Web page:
Due to a rather embarrassing episode in #archlinux a couple of weeks ago, where I naively shared one of the first bash scripts I had written without first looking back over it1, and had to subsequently endure what felt like the ritual code mocking, but was in fact some helpful pointers as to how I could make the script suck less (a lot less) I have been going through those older scripts and applying the little knowledge that I have picked up in the interim; reappraising the usefulness of the scripts as I go.
One that has proved to be of some utility for many years now is a simple wrapper script I wrote to help manage my finances. Like many useful scripts, it was written quickly and has been in constant use ever since; becoming almost transparent it is so ingrained in my workflow.
The script allows me to manage the lag between when a company emails me an invoice and when the payment is actually due. I find that companies will typically email their invoices to me some weeks in advance, whereupon I will make a mental note and then, unsurprisingly, promptly forget all about it, thereby opening myself up for penalties for late payment. It didn’t take me long (well, in my defence, a lot less time than it took for invoices to become digital) to realise that there was a better way™ - a script.
The at command is purpose built for running aperiodic commands at a later time (whereas cron is for periodic tasks). So, using at(1), once I receive an invoice, I can set a reminder closer to the final payment window, thereby avoiding both the late payment penalty—and the loss of interest were I to pay it on receipt. I just needed a script to make it painless to achieve.
The main function of the script is pretty self-explanatory:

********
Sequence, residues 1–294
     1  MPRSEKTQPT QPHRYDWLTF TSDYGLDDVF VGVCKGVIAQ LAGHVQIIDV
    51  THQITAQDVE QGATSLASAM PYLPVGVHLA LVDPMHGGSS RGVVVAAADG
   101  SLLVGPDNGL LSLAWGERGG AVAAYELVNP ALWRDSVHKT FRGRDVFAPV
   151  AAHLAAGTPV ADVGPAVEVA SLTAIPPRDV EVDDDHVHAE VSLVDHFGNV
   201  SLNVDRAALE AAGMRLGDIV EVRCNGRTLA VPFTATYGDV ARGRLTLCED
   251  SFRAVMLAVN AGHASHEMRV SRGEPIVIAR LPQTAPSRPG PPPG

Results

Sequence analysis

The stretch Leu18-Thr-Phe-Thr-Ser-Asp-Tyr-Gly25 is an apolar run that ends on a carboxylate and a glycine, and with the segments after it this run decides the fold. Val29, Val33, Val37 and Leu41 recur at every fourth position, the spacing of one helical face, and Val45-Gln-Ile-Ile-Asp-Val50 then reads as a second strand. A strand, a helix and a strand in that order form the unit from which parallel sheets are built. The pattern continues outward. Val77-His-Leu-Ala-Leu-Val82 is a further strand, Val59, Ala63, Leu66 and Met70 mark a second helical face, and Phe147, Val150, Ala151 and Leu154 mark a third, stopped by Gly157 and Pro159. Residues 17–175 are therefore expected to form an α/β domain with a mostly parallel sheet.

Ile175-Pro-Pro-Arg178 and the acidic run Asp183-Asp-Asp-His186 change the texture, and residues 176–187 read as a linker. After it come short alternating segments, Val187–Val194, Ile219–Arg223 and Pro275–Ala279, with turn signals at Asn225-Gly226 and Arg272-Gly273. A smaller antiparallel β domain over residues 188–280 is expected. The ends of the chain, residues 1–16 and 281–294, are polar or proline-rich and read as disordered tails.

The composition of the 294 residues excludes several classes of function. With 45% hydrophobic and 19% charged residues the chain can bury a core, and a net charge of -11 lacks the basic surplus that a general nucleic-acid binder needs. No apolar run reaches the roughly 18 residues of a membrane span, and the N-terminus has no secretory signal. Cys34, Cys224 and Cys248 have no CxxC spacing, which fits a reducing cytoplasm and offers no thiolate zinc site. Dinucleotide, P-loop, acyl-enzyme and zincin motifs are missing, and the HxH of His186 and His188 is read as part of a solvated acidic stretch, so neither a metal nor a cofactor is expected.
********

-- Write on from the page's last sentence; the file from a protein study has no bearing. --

Now, an invoice arrives, I open it and fire up a scratchpad, and follow the prompts. A couple of weeks later, the reminder email arrives and I login to my bank account and dispatch payment. You could, of course, have the script trigger some other form of notification, but an email works well for me.
The rest of the script is similarly basic; just some options for listing and reading any queued jobs and some more rudimentary checking. The full script is in my bitbucket repo2.
Not more than a couple of hours after posting this,
Florian Pritz pinged me in #archlinux with some great suggestions
for improving the script. I particularly liked relying on date(1) handling the input format
for the time and date values. He also suggested a
wrapper called (appropriately enough)
rlwrap and a
tmpfile to better manage
input validation. You can see his
full diff of
changes. In the end, I adopted the
date suggestion but passed on
rlwrap. Thanks for the
great pointers, Florian.
- In the interests of full disclosure, the most egregious line was
myterm=$(echo $TERM)which I would hope I copied blindly from somewhere else, but accept full responsibility for nonetheless.
- Don’t poke around too much in there, I still have quite a lot of cleaning up to do…
Creative Commons image by Adelle and Justin on Flickr.